In the 365 days of our calendar year, it’s likely that none go by without the need for a specific set of tools. If eating is essential to life, how have we gone so long unconscious of the design and form of the instruments that deliver food to our mouths?
Tired of the everyday-ordinary of modern cutlery, product designer Nicholas Johnston and restaurateur Kristian Klein have bridged their complementary skills in design and hospitality to challenge the generic prototype for what might arguably be our most important toolkit.
For the last three years, they’ve explored various periods and cultural traditions, assessing the ergonomics of how we eat, how we handle food, and how we set our tables. They’ve asked: How many fork tines are best for twirling a spaghetti vongole? What is the optimal spoon volume for a bowl of Wheaties? What types of serrations are necessary for getting through a tough piece of steak or the hard crust of sourdough? Pertinent questions that only refined design can answer.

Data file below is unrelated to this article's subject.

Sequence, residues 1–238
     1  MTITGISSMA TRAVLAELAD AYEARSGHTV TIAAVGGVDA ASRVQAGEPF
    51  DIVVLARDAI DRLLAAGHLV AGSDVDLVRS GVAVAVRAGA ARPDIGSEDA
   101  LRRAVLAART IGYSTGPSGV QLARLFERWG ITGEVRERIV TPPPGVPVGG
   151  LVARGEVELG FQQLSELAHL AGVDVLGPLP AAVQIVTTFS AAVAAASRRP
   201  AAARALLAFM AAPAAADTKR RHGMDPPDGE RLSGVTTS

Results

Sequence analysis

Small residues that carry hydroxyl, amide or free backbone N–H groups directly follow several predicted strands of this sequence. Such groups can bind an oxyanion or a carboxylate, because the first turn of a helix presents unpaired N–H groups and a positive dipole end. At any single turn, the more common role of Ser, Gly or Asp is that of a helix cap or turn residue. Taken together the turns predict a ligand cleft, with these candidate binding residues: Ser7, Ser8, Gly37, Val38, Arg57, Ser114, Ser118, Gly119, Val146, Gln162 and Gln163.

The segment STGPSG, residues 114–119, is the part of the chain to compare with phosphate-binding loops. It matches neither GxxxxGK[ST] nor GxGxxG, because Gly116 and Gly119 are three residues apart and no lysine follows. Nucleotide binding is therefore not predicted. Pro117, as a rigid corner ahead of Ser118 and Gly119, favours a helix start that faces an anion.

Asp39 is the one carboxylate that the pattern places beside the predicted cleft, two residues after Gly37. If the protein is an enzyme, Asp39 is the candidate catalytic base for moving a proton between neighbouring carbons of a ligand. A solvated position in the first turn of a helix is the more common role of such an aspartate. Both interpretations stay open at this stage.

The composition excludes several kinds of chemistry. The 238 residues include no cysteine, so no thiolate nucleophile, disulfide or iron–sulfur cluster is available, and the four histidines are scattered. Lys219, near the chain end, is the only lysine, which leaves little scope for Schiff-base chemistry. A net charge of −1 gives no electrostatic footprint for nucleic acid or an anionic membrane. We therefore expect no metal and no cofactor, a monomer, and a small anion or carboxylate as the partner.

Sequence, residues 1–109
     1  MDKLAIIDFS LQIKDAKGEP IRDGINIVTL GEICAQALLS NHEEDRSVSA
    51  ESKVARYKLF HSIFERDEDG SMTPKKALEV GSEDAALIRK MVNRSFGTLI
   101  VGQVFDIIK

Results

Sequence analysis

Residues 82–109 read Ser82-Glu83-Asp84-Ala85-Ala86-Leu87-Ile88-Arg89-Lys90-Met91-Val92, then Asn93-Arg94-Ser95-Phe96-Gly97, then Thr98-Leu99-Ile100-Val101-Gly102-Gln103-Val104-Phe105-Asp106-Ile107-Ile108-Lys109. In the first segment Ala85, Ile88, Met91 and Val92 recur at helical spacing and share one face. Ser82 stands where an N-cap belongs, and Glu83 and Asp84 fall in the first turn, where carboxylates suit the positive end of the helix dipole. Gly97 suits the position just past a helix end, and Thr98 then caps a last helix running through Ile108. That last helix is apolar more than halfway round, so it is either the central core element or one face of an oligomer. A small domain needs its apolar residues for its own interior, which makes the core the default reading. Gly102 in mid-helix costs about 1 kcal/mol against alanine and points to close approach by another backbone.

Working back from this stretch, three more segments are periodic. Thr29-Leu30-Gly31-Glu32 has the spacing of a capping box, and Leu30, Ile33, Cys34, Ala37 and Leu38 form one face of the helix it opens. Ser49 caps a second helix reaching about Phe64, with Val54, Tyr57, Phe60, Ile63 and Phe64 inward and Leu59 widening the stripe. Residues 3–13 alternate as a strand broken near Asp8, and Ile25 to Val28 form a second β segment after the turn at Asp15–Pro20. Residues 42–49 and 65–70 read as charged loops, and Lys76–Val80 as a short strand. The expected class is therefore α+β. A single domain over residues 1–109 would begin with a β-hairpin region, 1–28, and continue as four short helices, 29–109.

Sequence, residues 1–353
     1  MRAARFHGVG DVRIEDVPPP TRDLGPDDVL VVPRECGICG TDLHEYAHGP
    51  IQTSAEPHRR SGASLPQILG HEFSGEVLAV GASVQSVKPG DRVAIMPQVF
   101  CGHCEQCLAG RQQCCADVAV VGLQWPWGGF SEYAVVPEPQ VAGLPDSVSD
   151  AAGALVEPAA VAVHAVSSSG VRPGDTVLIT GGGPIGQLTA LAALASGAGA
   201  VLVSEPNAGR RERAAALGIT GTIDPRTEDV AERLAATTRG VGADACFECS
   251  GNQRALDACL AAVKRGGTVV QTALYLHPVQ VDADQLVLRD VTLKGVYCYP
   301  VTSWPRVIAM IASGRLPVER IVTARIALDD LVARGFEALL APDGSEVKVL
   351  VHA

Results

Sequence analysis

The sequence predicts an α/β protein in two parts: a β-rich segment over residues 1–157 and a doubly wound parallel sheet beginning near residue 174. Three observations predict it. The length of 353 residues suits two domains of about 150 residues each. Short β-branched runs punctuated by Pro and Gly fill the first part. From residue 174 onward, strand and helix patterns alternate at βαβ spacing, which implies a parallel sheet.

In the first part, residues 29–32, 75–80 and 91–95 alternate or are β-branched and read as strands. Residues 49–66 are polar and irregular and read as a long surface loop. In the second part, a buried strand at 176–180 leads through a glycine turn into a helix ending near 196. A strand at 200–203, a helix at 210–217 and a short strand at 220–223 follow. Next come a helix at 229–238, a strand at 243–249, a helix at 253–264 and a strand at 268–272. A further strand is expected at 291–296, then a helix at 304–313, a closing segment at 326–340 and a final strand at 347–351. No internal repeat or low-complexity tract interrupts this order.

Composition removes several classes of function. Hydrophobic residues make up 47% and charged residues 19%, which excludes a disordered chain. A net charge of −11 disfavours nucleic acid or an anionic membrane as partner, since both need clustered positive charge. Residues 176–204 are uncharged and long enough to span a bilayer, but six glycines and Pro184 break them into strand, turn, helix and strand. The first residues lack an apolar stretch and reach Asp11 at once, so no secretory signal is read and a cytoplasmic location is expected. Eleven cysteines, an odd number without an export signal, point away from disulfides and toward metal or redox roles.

After scouring the world to find a Maker with the same passionate attention to detail, they arrived at one whose philosophy aligns with theirs — selecting the highest-grade materials, precise German forming machinery, and hand-polishing mastery.
Distinctive, durable, contemporary and functional — their instruments are created for any table worth setting, any guest worth inviting and any meal worth eating.